Our Complaint Our complaint! Case # 15 CV 01007
Erotic Service Providers Legal, Education and Research Project Talking Points
The Erotic Service Providers Legal, Education and Research Project (ESPLERP), is a not for profit community-based coalition advancing sexual privacy rights through legal advocacy, education, and research.
ESPLERP has filed a complaint with the United States District Court challenging California’s current anti-prostitution law, Penal Code 647(b) on the following grounds:
• These laws deprive individuals of the fundamental right to engage in consensual, private sexual activity.
• These laws deny individuals the right to chose for themselves how to earn a living and who to enter into a contract with.
• These laws limit how and with whom an individual can associate in private.
• Enforcement of these laws discourages safe sex because the possession of condoms is used as evidence by prosecutors.
• California has failed to provide a legitimate rational to continue denying individuals the right of free speech, the right to earn a living, and the right to freely associate.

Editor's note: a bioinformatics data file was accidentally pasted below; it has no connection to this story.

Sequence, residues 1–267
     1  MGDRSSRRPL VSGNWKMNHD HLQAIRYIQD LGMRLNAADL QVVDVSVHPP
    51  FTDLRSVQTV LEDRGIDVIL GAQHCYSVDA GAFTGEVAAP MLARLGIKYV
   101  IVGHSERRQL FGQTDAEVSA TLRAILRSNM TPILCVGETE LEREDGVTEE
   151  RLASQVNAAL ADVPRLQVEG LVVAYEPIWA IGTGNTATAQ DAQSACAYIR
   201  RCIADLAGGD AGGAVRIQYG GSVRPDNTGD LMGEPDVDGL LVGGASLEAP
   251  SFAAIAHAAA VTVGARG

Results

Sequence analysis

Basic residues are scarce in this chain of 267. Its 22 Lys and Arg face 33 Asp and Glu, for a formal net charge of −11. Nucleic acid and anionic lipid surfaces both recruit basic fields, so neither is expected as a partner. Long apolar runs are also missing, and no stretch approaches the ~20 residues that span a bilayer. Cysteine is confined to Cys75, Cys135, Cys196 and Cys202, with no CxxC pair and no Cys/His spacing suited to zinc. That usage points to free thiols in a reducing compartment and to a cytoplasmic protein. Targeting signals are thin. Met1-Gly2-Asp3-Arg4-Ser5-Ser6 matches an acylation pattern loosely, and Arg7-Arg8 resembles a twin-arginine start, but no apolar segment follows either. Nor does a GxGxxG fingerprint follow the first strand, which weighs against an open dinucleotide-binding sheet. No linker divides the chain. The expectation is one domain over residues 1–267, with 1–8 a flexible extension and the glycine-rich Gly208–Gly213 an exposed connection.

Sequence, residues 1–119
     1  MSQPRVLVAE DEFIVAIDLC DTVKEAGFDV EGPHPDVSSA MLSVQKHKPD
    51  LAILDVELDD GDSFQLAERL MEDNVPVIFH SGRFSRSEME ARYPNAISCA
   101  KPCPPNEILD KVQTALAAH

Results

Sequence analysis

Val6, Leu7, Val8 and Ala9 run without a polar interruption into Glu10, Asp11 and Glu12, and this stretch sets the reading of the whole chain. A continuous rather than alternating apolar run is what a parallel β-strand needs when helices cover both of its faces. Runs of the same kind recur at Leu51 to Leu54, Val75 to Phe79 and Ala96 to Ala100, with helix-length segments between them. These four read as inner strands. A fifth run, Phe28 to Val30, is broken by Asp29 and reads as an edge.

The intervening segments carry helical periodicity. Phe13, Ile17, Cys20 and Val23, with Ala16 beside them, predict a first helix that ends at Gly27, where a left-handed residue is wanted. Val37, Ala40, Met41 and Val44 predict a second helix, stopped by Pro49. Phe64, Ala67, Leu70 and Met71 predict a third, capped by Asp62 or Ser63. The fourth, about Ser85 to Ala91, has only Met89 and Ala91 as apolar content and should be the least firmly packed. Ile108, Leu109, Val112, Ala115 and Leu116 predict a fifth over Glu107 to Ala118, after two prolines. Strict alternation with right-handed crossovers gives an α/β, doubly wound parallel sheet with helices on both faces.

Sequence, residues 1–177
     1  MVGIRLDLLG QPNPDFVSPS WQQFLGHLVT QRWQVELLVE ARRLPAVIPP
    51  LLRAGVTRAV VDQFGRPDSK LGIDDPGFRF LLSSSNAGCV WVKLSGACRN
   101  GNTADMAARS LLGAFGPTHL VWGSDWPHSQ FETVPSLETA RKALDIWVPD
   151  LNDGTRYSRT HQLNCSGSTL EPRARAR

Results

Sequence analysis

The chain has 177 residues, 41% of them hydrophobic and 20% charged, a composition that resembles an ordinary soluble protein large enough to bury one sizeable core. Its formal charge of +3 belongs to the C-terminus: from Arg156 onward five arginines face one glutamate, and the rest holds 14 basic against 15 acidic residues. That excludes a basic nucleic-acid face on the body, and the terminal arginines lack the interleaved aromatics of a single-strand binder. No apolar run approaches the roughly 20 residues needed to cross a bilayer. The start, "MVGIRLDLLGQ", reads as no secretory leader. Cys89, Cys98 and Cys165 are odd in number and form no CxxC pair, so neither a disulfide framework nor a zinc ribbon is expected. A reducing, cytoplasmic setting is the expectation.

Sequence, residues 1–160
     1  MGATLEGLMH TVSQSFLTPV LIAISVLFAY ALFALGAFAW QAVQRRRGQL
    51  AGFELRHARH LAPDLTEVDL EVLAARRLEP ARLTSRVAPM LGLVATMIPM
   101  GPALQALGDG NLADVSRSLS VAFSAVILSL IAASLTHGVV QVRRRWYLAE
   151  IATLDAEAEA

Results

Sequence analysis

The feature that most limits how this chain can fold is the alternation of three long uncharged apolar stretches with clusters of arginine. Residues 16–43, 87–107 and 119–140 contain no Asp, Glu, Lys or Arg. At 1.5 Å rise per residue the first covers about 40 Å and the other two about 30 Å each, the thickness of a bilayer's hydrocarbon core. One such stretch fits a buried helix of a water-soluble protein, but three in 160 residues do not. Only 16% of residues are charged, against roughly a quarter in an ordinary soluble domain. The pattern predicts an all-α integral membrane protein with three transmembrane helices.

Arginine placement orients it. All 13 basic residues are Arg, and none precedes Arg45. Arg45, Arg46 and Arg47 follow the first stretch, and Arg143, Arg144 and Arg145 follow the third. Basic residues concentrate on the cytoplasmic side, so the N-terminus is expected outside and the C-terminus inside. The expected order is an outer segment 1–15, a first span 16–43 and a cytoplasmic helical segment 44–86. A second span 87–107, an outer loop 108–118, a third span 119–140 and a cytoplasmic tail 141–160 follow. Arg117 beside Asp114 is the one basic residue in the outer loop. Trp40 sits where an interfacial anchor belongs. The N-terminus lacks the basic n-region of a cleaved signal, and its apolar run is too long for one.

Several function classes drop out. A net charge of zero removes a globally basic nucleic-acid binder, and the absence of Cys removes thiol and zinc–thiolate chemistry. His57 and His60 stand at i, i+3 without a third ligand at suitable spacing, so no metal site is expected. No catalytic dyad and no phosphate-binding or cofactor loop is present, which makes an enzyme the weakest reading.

• The Penal Code is so vaguely worded that it criminalizes the mere discussion of paying for erotic services between consenting adults.
The complaint has been filed against California’s Attorney General Kamala Harris and the District Attorneys of the City and County of San Francisco; Marin, Alameda, and Sonoma counties.
It asks that the court to declare that California’s prostitution statute, Section 647(b) of the California Penal Code, unconstitutional and remove the government from restricting basic fundamental and widely recognized civil and human rights.
The funding for this lawsuit came from crowd source and Craigslist.
Will California Legalize Prostitution Next? Inside the Crowd-Sourced Fundraising “We hope to advance sexual privacy rights for everyone,” says Doogan. “It’s important. It’s a fundamental right that we have to recognize.”
Group seeking to legalize prostitution sues Sonoma County District Attorney Jill Ravitch Moreover, said Doogan, who has been a sex worker herself, the criminalization of prostitution exposes participants to the possibility of arrest and prosecution if they try to report assault or abusive behavior toward themselves or someone else. They’re not taken seriously as victims, she said, nor are they safe to report criminal behavior they might witness, such as human trafficking or child abuse.